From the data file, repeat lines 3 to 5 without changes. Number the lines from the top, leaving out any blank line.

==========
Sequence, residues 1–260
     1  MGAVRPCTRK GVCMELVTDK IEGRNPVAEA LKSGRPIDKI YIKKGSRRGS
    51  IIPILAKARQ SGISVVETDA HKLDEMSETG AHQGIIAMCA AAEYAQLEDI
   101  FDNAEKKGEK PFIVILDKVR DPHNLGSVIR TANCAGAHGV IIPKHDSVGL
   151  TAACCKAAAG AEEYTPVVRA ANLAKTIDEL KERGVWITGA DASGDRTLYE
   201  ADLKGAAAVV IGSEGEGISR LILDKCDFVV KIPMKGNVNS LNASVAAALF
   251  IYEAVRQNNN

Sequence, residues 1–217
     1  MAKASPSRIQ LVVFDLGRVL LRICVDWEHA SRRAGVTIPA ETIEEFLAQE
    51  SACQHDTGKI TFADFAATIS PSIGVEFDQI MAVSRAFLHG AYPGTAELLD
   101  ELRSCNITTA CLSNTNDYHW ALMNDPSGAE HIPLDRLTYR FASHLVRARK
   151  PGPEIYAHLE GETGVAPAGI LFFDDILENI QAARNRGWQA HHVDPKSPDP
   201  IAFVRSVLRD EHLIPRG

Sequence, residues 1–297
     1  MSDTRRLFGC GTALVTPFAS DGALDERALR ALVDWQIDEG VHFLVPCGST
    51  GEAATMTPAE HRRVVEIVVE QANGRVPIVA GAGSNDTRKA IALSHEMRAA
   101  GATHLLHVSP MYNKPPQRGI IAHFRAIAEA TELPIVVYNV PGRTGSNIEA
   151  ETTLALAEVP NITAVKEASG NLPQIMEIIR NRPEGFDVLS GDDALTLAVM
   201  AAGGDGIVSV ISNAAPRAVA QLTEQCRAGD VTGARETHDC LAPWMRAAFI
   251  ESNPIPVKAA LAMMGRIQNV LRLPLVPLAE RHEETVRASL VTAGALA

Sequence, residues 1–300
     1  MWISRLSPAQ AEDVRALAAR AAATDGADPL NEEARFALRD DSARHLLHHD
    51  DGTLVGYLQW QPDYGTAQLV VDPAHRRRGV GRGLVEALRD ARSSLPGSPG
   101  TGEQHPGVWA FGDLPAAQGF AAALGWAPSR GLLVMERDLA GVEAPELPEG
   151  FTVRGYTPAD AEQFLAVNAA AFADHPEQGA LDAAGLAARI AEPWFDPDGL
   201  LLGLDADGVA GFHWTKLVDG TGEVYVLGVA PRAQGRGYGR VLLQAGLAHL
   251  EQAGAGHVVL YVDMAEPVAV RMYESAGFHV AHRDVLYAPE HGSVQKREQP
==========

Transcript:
    51  IIPILAKARQ SGISVVETDA HKLDEMSETG AHQGIIAMCA AAEYAQLEDI
   101  FDNAEKKGEK PFIVILDKVR DPHNLGSVIR TANCAGAHGV IIPKHDSVGL
   151  TAACCKAAAG AEEYTPVVRA ANLAKTIDEL KERGVWITGA DASGDRTLYE